Jatin Mistry, of Glastonbury; $100,000 on a CASH5 ticket sold at Top Shelf Liquors in Kensington.

Jose Colon, of Bridgeport; $100,000 on a $100,000 Cashword 11 ticket sold at Sofias Grocery in Bridgeport.

Lillie Williams, of Bristol; $100,000 on a CASH5 ticket sold at Fas Mart #301 in Bristol.

Segundo Monzon, of Hartford; $50,000 on a Super Cashword 22 ticket sold at Friendly Food Mart in Hartford.

Victor Thomas, of Hamden; $88,888 on a Electric 7s ticket sold at The Wine Press in West Haven.

Mary Daniels Manning, of West Haven; $88,888 on a Electric 7s ticket sold at The Wine Press in West Haven.

Hs And Mt Revocable Living Trust, of Danbury; $1,000,000 on a POWERBALL ticket sold at Mill Plain Package Store in Danbury.

Ronald Jeannette, of Hamden; $100,000 on a CASH5 ticket sold at Sammy Package Store in North Haven.

Amede Leclair, of Westerly, R.I.; $50,000 on a $50,000 50th Anniversary ticket sold at Bestway Convenience in Pawcatuck.

Windsor resident; $50,000 on a Winter Winnings ticket sold at Deerfield Package in Windsor.

Dwayne Nelson, of Hartford; $200,000 on a Let It RIDE ticket sold at Troys Mobil Mart Car Wash in West Hartford.

Milford resident; $390,000 on a LUCKY FOR LIFE ticket sold at Sams Food Store in Milford.

Ansonia resident; $50,000 on a 5X The Money 15th Edition ticket sold at 7-Eleven Store #33206B in Meriden.

Oakville resident; $2,000,000 on a POWERBALL ticket sold at 7 Eleven Store #11491A in Oakville.

Lawrence Giglio, of Coventry; $100,000 on a Pinball Wizard XXVI ticket sold at S & O Petroleum LLC in Vernon.

Anthony Cofrancesco, of East Haven; $50,000 on a Scavenger Hunt Special Edition ticket sold at Sunoco I-95 in East Haven.

Edward Motyl, of Madison; $100,000 on a POWERBALL ticket sold at Henny Penny Madison 37 in Madison.

Andre Williams, of Norwalk; $100,000 on a CASH5 ticket sold at Omar Market in Bridgeport.

Alayna Benedetti, of Moosup; $50,000 on a Royal Treasure ticket sold at Central Village Store 126 in Moosup.

Norwalk resident; $1,004,172 on a LOTTO! ticket sold at Az Variety And Cigar in Norwalk.

New Haven resident; $50,000 on a PLAY4 NIGHT ticket sold at Cumberland Farms #4749 in Orange.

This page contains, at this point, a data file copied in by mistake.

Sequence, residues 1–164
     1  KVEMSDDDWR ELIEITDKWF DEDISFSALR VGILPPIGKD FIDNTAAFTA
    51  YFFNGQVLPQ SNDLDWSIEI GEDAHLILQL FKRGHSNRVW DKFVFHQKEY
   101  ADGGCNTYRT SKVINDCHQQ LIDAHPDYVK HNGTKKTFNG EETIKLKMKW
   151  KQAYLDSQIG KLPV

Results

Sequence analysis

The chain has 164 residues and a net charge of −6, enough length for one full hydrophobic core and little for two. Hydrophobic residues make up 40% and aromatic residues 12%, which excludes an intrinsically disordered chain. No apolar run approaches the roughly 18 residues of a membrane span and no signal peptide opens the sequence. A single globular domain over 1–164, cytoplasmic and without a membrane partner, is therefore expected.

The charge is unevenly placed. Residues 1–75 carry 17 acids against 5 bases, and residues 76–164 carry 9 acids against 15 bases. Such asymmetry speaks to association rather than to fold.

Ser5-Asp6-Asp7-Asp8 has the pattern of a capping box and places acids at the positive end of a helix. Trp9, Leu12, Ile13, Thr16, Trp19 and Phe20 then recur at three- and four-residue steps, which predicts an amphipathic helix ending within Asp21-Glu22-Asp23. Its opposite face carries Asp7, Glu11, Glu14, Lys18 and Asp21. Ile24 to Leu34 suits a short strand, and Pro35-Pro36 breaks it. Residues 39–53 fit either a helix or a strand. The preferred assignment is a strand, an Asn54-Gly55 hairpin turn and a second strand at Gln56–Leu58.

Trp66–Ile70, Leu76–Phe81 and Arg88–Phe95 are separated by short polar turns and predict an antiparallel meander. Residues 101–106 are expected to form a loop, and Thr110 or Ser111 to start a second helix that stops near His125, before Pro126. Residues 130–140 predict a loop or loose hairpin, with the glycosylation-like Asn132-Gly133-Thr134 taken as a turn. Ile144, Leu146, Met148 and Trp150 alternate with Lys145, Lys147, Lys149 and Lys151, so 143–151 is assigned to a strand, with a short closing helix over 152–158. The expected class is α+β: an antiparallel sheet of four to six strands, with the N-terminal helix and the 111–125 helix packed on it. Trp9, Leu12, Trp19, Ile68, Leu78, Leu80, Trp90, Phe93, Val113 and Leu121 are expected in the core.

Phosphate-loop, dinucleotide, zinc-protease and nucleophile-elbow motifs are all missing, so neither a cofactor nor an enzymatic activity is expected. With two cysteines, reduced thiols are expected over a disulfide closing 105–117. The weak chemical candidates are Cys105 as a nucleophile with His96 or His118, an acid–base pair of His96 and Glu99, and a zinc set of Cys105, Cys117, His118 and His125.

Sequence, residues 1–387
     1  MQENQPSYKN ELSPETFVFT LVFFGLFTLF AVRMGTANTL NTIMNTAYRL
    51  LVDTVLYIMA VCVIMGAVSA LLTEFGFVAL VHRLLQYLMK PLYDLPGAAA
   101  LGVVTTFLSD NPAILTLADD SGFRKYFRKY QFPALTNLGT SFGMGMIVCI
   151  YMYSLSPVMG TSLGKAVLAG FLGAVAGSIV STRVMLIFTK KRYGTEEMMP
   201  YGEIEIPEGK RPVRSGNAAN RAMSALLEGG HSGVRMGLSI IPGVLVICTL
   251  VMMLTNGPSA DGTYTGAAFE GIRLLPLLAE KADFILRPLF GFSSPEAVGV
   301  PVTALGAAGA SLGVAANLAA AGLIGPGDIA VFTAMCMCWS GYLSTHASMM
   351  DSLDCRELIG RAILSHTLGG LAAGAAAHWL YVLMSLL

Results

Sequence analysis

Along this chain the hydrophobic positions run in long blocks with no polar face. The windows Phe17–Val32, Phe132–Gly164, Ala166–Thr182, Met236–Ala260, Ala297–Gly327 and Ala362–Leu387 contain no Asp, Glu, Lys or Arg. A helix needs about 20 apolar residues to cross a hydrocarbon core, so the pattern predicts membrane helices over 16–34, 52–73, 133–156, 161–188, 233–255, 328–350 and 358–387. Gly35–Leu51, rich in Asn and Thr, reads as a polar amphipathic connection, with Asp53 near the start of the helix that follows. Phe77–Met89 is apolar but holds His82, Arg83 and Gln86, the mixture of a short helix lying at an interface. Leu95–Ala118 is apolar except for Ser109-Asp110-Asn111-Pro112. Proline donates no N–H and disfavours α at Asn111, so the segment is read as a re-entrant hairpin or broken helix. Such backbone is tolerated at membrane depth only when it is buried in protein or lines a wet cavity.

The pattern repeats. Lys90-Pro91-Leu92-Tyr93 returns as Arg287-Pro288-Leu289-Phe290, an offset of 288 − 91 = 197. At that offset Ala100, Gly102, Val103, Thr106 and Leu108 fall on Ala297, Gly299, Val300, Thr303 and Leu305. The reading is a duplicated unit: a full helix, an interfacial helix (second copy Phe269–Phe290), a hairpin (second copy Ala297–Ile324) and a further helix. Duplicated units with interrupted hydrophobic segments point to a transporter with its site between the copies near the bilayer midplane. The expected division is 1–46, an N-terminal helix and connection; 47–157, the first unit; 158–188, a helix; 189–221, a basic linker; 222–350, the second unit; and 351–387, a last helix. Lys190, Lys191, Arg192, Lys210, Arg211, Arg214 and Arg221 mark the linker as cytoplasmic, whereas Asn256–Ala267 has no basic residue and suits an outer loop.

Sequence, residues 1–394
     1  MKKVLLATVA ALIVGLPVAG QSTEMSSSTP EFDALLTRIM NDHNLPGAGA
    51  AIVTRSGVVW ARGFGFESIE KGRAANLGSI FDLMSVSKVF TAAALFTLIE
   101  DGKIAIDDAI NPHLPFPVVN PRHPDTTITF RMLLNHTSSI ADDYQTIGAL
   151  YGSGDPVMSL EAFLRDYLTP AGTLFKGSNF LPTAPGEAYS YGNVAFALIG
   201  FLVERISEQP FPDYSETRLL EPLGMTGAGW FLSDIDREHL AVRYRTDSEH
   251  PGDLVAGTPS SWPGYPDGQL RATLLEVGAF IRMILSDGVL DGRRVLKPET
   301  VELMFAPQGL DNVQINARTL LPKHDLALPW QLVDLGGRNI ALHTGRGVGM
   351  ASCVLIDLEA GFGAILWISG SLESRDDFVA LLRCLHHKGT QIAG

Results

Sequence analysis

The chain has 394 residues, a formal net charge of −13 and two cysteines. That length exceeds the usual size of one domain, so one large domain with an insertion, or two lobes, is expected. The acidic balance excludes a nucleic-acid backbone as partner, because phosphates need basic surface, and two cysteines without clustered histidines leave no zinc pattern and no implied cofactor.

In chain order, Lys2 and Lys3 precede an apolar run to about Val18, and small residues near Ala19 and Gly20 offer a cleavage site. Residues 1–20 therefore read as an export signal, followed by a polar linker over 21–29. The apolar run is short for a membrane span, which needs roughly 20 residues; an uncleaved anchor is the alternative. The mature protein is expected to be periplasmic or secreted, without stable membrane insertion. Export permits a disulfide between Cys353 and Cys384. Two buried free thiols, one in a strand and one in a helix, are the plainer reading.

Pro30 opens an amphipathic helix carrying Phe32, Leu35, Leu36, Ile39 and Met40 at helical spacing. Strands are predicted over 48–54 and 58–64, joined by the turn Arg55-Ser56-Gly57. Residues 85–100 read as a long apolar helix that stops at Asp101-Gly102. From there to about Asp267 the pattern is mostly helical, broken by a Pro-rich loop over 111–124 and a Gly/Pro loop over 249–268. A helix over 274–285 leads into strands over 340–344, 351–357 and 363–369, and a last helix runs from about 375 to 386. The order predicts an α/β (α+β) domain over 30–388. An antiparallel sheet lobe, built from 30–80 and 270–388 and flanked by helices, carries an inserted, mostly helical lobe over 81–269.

Donald Healey, of Vernon; $137,578 on a FAST PLAY - $5 MONEY VAULT PROGRESSIVE ticket sold at Ellington Road Runners in Ellington.

Enfield resident; $1,000,000 on a WIN UP TO $10,000 A MONTH FOR LIFE 2nd ED. ticket sold at Enfield Market in Enfield.

Enfield resident; $1,000,000 on a WIN UP TO $10,000 A MONTH FOR LIFE 2nd ED. ticket sold at Enfield Market in Enfield.

Young Joo Choe, of Stamford; $50,000 on a Super Cashword 22 ticket sold at Town Center Variety in Stamford.

Waterbury resident; $825,000 on a $1,000,000 Emeralds ticket sold at Handy Stop in Waterbury.

Hoa Pham, of Bridgeport; $50,005 on a CASH5 ticket sold at Cumberland Farms #4739 in Fairfield.

Thanh Pham, of Bridgeport; $50,005 on a CASH5 ticket sold at Cumberland Farms #4739 in Fairfield.

Anthony Quaranta Jr, of Fairfield; $50,000 on a Lucky Cash ticket sold at News Express in Fairfield.

The Connecticut Lottery publishes the list of prize winners of $10,000 or more on its website. According to its rules: “Winners cannot remain anonymous. The CT Lottery will consider a winner's name, city/town, and the prize amount a matter of public record, unless the winner produces a valid protective order or Address Confidentiality Program authorization card.”

While most winners claim prizes using their individual names, some winners come forward using other legal entities (i.e., trusts, business partnership) to claim their prizes - to better shield their identities. In those instances, the Lottery will promote the winner using that legal entity's name.

Chris Cares: Upcoming event raises awareness of Autism while honoring young man from Berlin